1 million babies in the Philippines have not had a single routine vaccine, exposing them to diseases
The country is at high risk of polio and measles outbreaks, threatening children’s health
Jamila could see them from afar.
The hazy figure of PPE-clad nurses toting vaccine carriers coming over the hill meant only one thing for the first-time mother—her baby Jonaila was going to get vaccinated.
Unlike most towns in the Philippines where patients go to the clinics, government nurses in Marantao, Lanao del Sur, go from house to house to deliver routine immunization services for infants. And unlike most towns, many people in Marantao have a different reaction to the sight of ghost-like figures walking in the village.
“I took my baby and ran away. Others would shut their windows. We were afraid of the COVID vaccine because it was new, and we were worried that they would sneak it into the routine vaccines for children. I was scared that something bad would happen to my baby,” said Jamila.
For over a year, her baby Jonaila would remain a zero dose child—an infant that has never received a single immunization for any vaccine-preventable disease.
UNICEF and health workers finally convinced Jamila to get her daughter her first shots at 13 months old—an age when she should have been finished with all seven essential immunizations for babies.
Rise in zero dose children
Jamila and Jonaila’s case reflects a disturbing increase in the number of unimmunized children, among those born during the COVID pandemic.
According to UNICEF Immunization Officer Dr. Amador Catacutan, these children are particularly at risk for vaccine-preventable diseases like polio and measles.
“As they would be under 2 years old, their immune systems would still be maturing. Mortality is high in that population, especially when there are complications,” he said.
As of October 2022, the Philippines is the fifth-ranked country in the world with the most zero dose children, with up to 1 million unimmunized as of December 2021. That figure is only about half of the annual birth cohort, and almost double the number of zero dose children in 2020.
A large contributor to that figure is Jamila and baby Jonaila’s own home region, the Bangsamoro Autonomous Region in Muslim Mindanao (BARMM)—an area historically plagued by poverty, access issues, and armed conflict.
BARMM, a Muslim-majority region in the country, also houses a passionately religious and tight-knit population. Many, like Jamila, value the advice of their own family and community members over that of medical experts—a dynamic exacerbated by the fear of COVID-19.
The ideal vaccination target is 95% of all children, but according to the 2021 Field Health Services Information System of the Department of Health, BARMM only managed to fully vaccinate about 61% of its eligible children, lower than the national average of 63%.
BARMM had already been lagging in vaccination rates even prior to the pandemic. The situation came to a head in 2019, when the province of Lanao Del Sur saw outbreaks of both polio and measles—two severe yet easily preventable diseases covered under the seven vaccines of the routine National Immunization Program for children.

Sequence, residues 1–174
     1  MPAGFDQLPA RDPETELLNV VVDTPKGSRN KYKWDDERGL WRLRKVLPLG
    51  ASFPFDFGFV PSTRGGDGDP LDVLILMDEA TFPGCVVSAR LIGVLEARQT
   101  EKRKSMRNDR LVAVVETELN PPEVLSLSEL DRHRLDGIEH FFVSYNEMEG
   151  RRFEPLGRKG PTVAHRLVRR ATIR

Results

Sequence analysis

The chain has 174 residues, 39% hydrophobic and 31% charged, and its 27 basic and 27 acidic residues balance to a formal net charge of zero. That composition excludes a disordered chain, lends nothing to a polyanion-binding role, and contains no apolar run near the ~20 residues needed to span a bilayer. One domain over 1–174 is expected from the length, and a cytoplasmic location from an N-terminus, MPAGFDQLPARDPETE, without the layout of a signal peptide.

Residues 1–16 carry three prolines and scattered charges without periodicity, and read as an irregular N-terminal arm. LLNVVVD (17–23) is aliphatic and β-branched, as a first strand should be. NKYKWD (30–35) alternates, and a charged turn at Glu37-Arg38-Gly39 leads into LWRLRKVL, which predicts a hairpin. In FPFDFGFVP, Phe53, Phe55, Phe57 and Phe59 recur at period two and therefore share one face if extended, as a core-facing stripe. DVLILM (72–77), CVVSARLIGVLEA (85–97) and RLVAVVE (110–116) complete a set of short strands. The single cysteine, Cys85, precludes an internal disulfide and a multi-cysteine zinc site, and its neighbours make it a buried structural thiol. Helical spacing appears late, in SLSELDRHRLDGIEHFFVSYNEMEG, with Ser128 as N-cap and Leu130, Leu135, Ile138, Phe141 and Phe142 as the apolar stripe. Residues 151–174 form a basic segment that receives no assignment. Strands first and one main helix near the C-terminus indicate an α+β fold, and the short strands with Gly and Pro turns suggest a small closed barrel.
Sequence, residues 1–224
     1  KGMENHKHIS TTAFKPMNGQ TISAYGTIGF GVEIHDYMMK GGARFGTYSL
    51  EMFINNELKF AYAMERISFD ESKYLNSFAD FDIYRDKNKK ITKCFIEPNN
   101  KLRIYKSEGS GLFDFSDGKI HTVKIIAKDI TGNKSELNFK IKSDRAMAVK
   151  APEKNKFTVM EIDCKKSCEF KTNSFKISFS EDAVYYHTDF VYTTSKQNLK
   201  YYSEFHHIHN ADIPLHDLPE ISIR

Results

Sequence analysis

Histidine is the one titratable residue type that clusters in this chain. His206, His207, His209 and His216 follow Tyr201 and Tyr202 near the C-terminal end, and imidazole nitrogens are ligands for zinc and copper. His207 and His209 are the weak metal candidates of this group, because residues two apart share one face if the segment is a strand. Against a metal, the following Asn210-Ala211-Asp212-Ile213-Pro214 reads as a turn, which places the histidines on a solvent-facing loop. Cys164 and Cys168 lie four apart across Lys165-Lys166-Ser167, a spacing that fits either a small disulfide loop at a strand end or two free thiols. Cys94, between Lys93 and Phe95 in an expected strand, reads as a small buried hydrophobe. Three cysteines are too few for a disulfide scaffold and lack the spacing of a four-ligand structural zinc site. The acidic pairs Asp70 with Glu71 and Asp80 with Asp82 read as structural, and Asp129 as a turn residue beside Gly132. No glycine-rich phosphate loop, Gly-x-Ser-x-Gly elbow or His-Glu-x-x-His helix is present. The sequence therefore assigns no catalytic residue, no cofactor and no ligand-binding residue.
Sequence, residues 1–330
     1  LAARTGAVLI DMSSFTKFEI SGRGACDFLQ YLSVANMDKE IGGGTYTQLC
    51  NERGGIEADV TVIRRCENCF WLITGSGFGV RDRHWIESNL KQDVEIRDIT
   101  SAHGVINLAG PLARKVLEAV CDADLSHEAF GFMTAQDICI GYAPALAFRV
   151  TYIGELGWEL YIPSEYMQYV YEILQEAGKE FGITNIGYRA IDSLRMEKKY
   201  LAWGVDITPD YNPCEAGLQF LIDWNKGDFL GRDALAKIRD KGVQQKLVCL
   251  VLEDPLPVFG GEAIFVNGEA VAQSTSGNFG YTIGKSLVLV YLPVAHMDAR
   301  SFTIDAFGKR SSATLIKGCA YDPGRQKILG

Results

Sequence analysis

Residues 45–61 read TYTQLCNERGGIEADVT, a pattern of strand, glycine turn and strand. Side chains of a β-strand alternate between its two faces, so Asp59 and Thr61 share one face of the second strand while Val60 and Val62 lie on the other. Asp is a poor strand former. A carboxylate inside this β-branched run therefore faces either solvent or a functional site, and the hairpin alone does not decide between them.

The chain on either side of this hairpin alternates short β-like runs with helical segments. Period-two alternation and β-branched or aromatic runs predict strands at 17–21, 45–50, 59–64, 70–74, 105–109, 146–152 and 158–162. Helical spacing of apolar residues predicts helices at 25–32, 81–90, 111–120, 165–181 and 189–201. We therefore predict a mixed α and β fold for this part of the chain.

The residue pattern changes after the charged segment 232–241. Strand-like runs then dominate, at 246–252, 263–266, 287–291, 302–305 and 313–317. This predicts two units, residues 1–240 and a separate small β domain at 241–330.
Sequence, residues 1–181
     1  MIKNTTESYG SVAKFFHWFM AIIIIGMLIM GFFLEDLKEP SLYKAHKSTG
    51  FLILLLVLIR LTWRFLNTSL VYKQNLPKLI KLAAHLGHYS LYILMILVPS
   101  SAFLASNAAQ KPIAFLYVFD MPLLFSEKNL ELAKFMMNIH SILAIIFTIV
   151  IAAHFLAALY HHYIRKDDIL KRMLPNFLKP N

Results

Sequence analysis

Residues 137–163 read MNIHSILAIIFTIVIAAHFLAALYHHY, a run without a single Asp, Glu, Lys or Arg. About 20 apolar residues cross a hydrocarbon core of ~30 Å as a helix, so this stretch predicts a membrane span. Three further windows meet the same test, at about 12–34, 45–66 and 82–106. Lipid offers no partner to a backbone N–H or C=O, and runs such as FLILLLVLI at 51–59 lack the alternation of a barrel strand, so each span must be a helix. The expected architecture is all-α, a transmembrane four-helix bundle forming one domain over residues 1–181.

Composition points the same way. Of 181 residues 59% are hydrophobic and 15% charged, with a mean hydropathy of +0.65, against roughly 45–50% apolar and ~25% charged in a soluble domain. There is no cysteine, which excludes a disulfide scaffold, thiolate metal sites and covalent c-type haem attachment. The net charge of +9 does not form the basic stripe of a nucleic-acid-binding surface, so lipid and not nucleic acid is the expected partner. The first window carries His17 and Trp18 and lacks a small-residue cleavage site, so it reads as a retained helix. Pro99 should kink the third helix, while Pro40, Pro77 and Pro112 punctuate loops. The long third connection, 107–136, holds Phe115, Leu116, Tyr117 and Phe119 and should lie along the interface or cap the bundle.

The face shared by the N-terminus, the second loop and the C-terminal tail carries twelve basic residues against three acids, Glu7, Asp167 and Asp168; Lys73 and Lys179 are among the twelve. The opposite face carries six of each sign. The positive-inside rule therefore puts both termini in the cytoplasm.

Dr. Alinader Minalang, Health Officer III of the Integrated Provincial Health Office of Lanao Del Sur, says that the outbreaks were “not surprising,” given the issues in the province.
“Our previous cold chain facility was not very ideal. We only had refrigerators, and storage was limited and improperly organized.”
“We experience a lot of power outages—especially in our more remote communities—so the vaccines have to be properly monitored, because outages can affect the temperature and therefore the potency of our vaccines.”
Minalang also cites religious and cultural factors. “There is the religious belief that every one of us has that predestined fate. So some of our constituents believe that with or without vaccines, it’s still the same, because the destiny of man is predetermined.”
In response to the outbreaks, UNICEF and the BARMM’s Ministry of Health (MoH) launched special immunization activities aimed at reaching 95% vaccination coverage. This involved health workers going from house to house and the entire community coming together, including local NGOs, mayors, barangay captains and religious leaders.
To address the logistical gaps, Dr. Catacutan says: “We distributed solar refrigerators, especially to the far-flung areas. We also facilitated installation of walk-in cold rooms to ensure vaccines remain potent.”
Of utmost importance, according to Catacutan, was the help of the most important influencers in the Muslim community. In 2019, UNICEF worked with the Bangsamoro Government to create a compilation of Fatwa, or Islamic Rulings on Immunization based on passages from the Koran.
One such influencer is Imam Alim Abdulrahman Poli, who preaches in support of vaccines at the Mutilan Mosque in Marawi City. Poli cites that “The Prophet Mohammad said every illness has a cure. Vaccines aren’t haram (forbidden). They’re medicine.”
“While we have the concept of ‘Qadar’ or fate, you have to do your part first, and in this case, that means getting vaccinated. What happens after is fate.”
Dr. Catacutan credits the success of the 2019 outbreak response to a true “multi-sectoral effort”—a campaign that needs to be sustained to combat the rise in zero dose children.
“Most people think this is only an issue for the health sector, but this isn’t true.”
“Sometimes we need the Department of Social Welfare and Development to give financial assistance or sacks of rice as an incentive to vaccinate.”
Dr. Catacutan adds, “the police and army have the transportation to reach the remote areas, and the private sector has helped with manpower augmentation.”
“In a resource poor country like ours, we need other sectors to step in.”